In the early 1990’s, when I was around 10 years old, I happen to realise that every Thursday, Sisters from St Mary’s Mission, Lobamba, would visit my home area for their outreach satellite clinic. It is so vivid in my mind as I remember these encounters, for I would accompany my mother as she took my two nieces to the clinic for immunization, and sometimes, I needed treatment myself. Of course, the next Friday I was back at school having fully recovered, thanks to the care of those sisters.
Across from my parental homestead, there is the home of a well-known local traditional healer. He was so popular that, at some point, he had to admit some of his patients to stay in his ‘clinic’. He was a very good man and respected by the community. I could see that he was so advanced in thought that, somehow, he had embraced other opinions, including western medicine, to cure people. It was on these
Thursdays, after the sisters had finished doing the immunizations and treatment of other illnesses, that I would see them entering into this massive compound to assist the traditional doctor in his work.
To me at the tender age of 10, I felt scandalised, but I can understand now that these wonderful sisters were only concerned with reaching out to the peripheries – going out and ministering to people, including those in society who were considered to be “witch doctors”, as they still used traditional treatments. These Cabrini Ministries were way ahead of their time, as even back them, they were able to understand that shepherds ought to smell like their sheep.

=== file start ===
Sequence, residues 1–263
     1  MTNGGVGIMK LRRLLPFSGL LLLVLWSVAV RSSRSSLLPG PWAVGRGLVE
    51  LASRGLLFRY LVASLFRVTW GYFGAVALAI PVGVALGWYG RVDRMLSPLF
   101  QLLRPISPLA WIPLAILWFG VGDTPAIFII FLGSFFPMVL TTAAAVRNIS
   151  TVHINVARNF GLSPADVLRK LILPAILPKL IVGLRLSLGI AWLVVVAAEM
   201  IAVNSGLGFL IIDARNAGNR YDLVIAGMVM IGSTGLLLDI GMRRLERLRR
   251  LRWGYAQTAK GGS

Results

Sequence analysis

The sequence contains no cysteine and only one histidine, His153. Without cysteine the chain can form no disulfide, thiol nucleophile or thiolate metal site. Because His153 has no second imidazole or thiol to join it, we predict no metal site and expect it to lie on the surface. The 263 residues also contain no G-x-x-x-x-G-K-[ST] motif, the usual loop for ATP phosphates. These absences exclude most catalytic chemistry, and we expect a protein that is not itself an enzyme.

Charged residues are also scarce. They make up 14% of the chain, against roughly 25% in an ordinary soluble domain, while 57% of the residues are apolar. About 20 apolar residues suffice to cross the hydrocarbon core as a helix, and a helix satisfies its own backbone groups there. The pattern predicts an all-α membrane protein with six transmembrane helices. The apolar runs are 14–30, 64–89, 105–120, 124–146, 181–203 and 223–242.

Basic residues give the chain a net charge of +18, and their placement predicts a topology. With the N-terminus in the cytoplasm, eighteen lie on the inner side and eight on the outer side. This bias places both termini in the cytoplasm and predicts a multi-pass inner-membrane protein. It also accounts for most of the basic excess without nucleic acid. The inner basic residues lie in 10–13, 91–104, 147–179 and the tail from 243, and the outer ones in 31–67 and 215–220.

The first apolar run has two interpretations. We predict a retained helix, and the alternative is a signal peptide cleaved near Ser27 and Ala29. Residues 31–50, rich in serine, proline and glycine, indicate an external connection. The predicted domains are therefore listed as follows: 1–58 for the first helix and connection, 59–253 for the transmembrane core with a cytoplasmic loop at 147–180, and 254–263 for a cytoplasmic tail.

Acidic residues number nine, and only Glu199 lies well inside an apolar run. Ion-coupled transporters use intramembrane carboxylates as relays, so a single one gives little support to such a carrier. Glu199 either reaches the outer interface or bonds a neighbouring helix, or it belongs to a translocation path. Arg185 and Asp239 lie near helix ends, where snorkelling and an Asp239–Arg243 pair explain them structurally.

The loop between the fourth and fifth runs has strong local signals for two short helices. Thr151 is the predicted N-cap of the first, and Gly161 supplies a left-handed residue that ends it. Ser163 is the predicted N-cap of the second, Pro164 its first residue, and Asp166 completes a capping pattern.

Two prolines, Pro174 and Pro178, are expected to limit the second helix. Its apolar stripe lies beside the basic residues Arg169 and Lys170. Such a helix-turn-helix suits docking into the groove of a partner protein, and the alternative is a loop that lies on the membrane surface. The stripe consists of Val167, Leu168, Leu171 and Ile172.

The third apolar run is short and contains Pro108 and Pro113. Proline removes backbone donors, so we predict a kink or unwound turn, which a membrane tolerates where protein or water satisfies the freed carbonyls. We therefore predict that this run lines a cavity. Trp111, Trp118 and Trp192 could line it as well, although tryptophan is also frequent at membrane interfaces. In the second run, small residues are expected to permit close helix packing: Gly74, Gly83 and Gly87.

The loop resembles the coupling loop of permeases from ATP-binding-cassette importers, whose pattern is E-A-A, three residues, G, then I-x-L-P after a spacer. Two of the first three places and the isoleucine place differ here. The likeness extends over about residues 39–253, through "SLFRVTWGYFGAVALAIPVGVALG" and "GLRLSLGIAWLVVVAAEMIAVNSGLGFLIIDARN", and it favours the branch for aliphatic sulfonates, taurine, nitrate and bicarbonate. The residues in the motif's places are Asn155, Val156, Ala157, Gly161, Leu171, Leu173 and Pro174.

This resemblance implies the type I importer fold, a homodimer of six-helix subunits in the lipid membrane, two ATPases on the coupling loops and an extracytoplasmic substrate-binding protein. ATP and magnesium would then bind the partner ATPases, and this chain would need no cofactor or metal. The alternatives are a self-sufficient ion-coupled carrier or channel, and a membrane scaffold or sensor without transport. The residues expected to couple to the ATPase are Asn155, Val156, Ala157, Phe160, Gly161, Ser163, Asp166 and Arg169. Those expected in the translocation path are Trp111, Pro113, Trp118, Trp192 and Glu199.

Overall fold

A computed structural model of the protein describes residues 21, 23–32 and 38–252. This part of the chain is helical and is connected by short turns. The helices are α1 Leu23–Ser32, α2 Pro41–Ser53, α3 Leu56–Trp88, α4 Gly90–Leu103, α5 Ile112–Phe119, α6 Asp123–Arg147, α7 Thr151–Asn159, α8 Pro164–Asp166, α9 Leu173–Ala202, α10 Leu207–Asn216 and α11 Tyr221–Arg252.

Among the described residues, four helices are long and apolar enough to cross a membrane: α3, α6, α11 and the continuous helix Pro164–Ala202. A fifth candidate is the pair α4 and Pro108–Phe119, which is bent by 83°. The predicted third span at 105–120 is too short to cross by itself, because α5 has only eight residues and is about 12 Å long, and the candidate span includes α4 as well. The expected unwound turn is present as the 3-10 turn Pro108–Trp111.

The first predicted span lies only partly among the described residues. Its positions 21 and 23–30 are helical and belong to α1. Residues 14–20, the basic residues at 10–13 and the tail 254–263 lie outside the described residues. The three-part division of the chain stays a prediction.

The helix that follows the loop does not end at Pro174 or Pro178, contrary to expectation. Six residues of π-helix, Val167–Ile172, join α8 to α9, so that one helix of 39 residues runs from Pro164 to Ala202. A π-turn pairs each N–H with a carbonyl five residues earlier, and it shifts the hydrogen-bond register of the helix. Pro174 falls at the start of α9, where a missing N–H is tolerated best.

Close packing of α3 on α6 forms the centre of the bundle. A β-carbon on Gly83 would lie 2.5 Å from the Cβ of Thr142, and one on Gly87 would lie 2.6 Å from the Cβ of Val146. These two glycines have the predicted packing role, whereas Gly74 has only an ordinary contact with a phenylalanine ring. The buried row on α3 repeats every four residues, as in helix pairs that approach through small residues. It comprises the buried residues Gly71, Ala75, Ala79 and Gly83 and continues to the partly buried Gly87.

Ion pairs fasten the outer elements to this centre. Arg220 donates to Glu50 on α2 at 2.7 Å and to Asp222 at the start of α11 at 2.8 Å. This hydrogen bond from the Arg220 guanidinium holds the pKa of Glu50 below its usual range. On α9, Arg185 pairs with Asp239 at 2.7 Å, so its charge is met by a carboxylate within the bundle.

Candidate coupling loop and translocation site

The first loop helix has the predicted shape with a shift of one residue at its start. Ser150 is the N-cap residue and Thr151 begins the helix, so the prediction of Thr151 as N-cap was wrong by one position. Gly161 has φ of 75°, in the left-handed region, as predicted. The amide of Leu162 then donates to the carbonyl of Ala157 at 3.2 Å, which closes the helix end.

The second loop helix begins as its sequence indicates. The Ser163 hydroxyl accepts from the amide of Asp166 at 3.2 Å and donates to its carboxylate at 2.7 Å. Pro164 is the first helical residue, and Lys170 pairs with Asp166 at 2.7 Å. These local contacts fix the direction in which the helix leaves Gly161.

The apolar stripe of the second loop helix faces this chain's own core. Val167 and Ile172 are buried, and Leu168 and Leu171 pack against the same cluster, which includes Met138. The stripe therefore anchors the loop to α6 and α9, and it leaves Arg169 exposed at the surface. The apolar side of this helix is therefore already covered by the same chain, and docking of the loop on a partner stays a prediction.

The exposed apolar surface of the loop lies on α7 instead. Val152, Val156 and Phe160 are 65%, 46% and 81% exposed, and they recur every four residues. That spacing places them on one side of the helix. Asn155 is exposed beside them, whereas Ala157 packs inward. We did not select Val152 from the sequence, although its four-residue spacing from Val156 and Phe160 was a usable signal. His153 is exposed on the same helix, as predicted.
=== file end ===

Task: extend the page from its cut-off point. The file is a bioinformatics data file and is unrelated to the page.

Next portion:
It resonated with me when I had just finished my priestly formation, that
the Apostolic Exhortation “Evangeli Gaudium”, had been already written in the
hearts of the sisters. The Holy Father gives us a sense that through reading the Gospel, our hearts are filled with joy for we encounter Jesus in it. “There is more joy in heaven over one sinner who repents, than ninety-nine righteous persons who need no repentance” (Lk 15:7). Sr. Anna Maria and others, to me, affirmed the assertion that the Gospel, radiant with the glory of Christ’s cross, constantly invites us to rejoice. It calls us to rejoice when we encounter Christ in those who are oppressed, marginalised, especially in my country, during the time people were seriously affected by the HIV/AIDS pandemic. They understood way back in 1991, that being a Christian is not the result of an ethical choice or a lofty idea, but an encounter with a Person, which gives life a new horizon and a decisive direction.
I cannot but be so grateful of them in my Diocese. During my priestly formation, at holiday time, I would also get an opportunity to go with them to visit the homesteads of the orphaned children. Not only was it a sorry sight to witness their poor homesteads, but to find out that a mere 12-year-old was the head of the house, was unbearable. Making matters worse, the stigma of the HIV virus was so prevalent at the time. The orphans felt divorced from their community, yet people who had encountered the Lord were able to come to be with them. Indeed, the MSCs were willing to move out of their comfort zones and be with the people.
Having spent some three years in Rome for study, I am now back in my Diocese again. I have reflected on the MSC’s modus operandi, & I wish to continue to assist them in their ministry. People who see Christ in others, irrespective of their backgrounds, are people I personally want to form a collaboration with. It is worth it, and ought to be embraced by all. St Frances Xavier Cabrini pray for us!
Thanks to Father Ncamiso Aloysius Vilakati!